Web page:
Microsoft has given its most ringing endorsement of open source Web browsers to date with chief executive officer Steve Ballmer not ruling out adopting such technology as an alternative to its own popular Internet Explorer, saying it is "interesting".
In Sydney to speak at a Power to Developers event, Ballmer ignited the audience with his powerful "Developers! Developers! Developers!" chant, but was surprised to hear a question about open source browser adoption from one of his student constituents.
"Why is IE still relevant and why is it worth spending money on rendering engines when there are open source ones available that can respond to changes in Web standards faster?"
"That's cheeky, but a good question, but cheeky," Ballmer said.
Ballmer began his answer philosophically, saying Microsoft will need to look at what the browser is like in the future and, if there is no innovation around them, which he thinks is "likely", Microsoft may still need its own browser because of proprietary extensions that broaden its functionality.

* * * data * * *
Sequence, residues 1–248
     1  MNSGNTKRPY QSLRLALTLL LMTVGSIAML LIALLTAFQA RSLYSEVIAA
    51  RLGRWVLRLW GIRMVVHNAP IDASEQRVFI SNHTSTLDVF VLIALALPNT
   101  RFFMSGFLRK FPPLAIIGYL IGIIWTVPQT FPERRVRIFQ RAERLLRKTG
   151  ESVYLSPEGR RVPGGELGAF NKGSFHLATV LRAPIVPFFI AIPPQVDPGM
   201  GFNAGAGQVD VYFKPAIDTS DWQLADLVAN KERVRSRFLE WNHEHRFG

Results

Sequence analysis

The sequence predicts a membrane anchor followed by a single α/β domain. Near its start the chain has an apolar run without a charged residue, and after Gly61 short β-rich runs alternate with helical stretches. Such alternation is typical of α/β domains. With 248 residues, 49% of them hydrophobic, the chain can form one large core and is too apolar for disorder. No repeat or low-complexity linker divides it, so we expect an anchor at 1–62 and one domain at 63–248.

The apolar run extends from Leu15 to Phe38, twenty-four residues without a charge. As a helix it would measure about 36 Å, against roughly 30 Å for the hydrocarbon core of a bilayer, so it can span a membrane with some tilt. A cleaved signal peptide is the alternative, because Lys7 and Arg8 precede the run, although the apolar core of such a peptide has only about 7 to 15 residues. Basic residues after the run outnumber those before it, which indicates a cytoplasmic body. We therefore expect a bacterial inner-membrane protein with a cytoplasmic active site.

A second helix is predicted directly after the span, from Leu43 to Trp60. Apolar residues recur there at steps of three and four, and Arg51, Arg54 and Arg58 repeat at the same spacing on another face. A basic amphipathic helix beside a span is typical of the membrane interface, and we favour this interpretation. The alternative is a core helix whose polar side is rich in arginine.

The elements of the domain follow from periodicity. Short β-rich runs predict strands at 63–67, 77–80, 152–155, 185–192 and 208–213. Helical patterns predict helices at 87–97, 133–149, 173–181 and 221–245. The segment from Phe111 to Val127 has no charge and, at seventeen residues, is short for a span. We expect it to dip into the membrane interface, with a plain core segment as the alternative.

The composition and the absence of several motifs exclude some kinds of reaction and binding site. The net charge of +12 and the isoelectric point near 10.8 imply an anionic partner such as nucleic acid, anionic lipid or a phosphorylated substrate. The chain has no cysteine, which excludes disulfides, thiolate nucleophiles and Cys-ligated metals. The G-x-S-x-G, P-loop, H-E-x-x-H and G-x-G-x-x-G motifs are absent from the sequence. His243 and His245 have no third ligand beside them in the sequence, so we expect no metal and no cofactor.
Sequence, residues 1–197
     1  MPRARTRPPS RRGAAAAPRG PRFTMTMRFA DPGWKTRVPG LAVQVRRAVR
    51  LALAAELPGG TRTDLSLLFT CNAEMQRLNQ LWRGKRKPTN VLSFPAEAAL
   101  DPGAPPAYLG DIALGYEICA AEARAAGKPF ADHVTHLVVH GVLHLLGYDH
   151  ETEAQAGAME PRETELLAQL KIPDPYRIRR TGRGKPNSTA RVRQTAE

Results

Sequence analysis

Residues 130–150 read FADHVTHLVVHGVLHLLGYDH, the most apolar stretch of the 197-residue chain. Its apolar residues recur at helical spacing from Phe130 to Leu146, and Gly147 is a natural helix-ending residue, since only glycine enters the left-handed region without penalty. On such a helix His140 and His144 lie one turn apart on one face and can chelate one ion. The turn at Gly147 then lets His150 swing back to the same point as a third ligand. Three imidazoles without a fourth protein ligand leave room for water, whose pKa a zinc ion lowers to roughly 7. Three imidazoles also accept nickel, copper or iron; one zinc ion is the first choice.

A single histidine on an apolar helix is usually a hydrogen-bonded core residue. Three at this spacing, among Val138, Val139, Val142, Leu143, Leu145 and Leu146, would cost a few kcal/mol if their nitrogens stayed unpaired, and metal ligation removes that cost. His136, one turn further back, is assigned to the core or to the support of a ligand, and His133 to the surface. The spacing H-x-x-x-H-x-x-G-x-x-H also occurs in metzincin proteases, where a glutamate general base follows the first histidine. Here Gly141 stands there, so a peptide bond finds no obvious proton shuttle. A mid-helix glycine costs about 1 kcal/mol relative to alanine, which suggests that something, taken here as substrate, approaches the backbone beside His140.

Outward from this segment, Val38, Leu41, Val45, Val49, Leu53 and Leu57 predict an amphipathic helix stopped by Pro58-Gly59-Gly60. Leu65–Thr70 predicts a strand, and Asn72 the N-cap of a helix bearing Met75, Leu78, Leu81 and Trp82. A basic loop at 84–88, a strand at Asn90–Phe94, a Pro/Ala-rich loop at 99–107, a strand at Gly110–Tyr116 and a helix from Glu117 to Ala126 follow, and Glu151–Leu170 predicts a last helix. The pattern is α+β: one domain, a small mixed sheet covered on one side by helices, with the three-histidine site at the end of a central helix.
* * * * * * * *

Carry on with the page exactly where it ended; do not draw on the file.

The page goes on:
"There will still be a lot of proprietary innovation in the browser itself so we may need to have a rendering service," he said.
Then came the startling revelation that Microsoft may also adopt an open source browser engine.
"Open source is interesting," he said. "Apple has embraced Webkit and we may look at that, but we will continue to build extensions for IE 8."
Ballmer also admitted Microsoft got delayed with the transition from IE 6 to IE7 during the development of Longhorn, which became Vista. "But I don't what to go there."
Developers want money
Another question arose from the recent success of Apple's App Store and Facebook for helping independent developers make money via the host vendors application delivery mechanism. Ballmer wants to do more here for Microsoft developers.